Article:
Summary There are issues with the timely provision of Assistive Technology (AT) to NDIS participants, however ATSA acknowledges that the NDIA is listening to participants, AT suppliers and allied health practitioners (AHPs) and is responding to their concerns. The changes that are planned by the NDIA, such as the new Pathways program, are yet to
September 1, 2018
ATSA is supportive of the changes that have been proposed so far;
“Evidence that the vehicle contained the mobility features at the first point of sale to the original market, such as first registration documents, EU Compliance certificate or Japanese export certificate would be required for eligibility acceptance. With respect to wheelchair restraints, Australia requires a higher wheelchair total mass than is contained in the Japanese standards. The reforms will require that the Australian Standards (with higher mass restraint limits) be used as a compliance requirement – which can be done by a Registered Automotive Workshop using a Model Report.” (Explanatory memoranda to Road Vehicle Standards bill, Page 101).
However, these changes do not fully address the significant issues of the bill;
1. Disregarding the safety requirements of a daily use vehicle.
2. Leaving the local industry at a high significant financial and competitive disadvantage.
3. Placing Australian industry, skills and jobs at risk.
More changes are necessary to address these needs. I refer you to our original submission along with the following additional submission.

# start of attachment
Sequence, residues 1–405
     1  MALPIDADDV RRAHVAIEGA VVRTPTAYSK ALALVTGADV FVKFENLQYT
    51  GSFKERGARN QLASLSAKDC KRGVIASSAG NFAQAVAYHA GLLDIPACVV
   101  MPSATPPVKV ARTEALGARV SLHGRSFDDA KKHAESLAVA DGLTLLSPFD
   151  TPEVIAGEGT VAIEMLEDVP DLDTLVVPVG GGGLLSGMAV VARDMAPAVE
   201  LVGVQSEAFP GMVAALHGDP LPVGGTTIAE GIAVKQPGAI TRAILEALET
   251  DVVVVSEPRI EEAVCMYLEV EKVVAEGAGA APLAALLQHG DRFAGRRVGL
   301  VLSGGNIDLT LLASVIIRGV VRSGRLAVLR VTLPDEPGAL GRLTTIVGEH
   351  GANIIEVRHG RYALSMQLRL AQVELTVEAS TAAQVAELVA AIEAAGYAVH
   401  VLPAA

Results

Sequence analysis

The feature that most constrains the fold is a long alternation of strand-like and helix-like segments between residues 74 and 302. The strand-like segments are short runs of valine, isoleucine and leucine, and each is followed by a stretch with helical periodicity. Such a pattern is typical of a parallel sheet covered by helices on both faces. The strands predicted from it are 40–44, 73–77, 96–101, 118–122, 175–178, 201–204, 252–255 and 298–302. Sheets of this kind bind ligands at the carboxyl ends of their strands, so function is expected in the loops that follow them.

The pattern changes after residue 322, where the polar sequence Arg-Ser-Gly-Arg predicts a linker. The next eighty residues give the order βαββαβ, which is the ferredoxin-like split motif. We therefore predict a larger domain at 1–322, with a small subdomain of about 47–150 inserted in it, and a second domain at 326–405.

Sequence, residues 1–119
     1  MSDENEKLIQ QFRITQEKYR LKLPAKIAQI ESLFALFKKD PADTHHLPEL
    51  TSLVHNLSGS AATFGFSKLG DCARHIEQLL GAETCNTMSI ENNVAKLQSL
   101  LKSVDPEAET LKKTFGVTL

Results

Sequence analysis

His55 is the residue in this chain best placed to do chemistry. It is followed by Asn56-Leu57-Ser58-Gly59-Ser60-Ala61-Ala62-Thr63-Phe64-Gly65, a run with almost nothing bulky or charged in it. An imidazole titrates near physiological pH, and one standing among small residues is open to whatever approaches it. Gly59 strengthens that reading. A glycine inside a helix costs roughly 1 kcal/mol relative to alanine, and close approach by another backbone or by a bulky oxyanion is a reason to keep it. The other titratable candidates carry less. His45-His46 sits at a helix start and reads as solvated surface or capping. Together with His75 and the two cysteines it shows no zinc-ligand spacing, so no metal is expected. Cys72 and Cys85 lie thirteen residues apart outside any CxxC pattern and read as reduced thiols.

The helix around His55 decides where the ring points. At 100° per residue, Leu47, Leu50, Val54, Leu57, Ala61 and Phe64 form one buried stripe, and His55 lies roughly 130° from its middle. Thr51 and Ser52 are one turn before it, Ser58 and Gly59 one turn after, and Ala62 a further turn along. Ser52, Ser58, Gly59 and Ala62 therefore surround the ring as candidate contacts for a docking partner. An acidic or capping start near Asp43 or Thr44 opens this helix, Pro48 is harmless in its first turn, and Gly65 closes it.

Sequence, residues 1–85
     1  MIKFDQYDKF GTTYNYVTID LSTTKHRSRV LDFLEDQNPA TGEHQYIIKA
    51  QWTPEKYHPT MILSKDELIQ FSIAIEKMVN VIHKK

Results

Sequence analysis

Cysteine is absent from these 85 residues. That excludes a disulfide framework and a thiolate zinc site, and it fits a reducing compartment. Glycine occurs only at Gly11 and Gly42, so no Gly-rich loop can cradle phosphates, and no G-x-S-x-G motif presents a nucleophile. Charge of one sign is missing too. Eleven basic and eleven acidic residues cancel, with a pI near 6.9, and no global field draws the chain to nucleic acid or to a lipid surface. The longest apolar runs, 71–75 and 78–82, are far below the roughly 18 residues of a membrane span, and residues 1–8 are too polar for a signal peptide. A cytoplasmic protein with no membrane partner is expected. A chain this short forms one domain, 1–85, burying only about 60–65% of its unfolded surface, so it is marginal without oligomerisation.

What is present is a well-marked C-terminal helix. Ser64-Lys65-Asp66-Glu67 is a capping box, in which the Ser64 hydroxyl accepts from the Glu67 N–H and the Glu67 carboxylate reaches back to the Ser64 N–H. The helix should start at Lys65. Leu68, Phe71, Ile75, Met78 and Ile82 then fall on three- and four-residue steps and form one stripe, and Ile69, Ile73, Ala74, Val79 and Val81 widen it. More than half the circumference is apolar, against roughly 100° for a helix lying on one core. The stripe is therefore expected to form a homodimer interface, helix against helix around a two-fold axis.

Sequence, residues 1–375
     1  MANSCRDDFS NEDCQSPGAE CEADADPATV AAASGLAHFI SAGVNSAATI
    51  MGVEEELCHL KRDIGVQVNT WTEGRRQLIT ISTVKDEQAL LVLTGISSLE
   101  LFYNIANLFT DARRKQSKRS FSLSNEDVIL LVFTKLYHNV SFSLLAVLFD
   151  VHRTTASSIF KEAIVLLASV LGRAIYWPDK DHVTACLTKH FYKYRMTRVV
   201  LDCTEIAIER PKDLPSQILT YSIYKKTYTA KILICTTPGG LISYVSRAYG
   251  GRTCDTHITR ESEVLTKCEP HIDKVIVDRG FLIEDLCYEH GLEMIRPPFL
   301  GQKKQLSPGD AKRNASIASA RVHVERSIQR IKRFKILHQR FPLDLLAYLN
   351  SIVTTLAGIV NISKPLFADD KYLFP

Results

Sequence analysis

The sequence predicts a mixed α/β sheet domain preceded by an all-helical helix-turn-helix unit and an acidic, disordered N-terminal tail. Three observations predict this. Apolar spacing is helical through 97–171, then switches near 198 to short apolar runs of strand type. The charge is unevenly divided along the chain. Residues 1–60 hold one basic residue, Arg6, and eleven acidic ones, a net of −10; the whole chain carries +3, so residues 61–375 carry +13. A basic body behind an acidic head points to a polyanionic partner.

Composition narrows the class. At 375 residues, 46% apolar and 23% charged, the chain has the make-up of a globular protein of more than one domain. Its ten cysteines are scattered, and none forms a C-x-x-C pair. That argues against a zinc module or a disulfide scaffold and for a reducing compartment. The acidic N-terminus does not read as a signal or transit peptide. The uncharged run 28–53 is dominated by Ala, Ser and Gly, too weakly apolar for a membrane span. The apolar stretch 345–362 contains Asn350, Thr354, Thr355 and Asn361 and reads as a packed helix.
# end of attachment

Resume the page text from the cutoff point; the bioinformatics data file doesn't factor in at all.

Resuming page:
This Senate Inquiry provides the opportunity to better understand the needs of assistive technology (AT) users while ensuring their safety and that of the general community. It is also an opportunity to aid Australian AT businesses by aligning the Australian AT market with the international marketplace.
A person with a disability does not choose to use a specialised vehicle they require them. These vehicles are an integral to their lives therefore it is imperative that the vehicle is fit for purpose, safe and reliable.
Nationals senator John Williams wants to limit the speed of mobility scooters.
His campaign shines a spotlight on an often overlooked piece of technology, one that could offer lessons for our transport future.
October 13, 2017
There are a range of initiatives which need to be implemented to improve the transition to the NDIS, participant outcomes, reduce cost to Government and increase the competitiveness and viability of businesses supplying AT.
The NDIA’s current approach to the supply of AT supports, involves an inconsistent and overly complex set of procedures, combined with high risk ‘quote shopping’ for often complex solutions. This has resulted in extended delays in the supply of AT supports, adversely impacting people with disability and placing undue financial burden on businesses risking the sustainably of AT suppliers.
The situation is compounded due to a lack of communication at the local office level, consistency or national standards from the NDIA.
Basic actions like letting a participant or suppler know “what is happening to their application for AT supports” are not consistently being performed causing confusion and unnecessary concerns. This fails to address the essential needs of NDIS participants and the industry that is endeavouring to support them.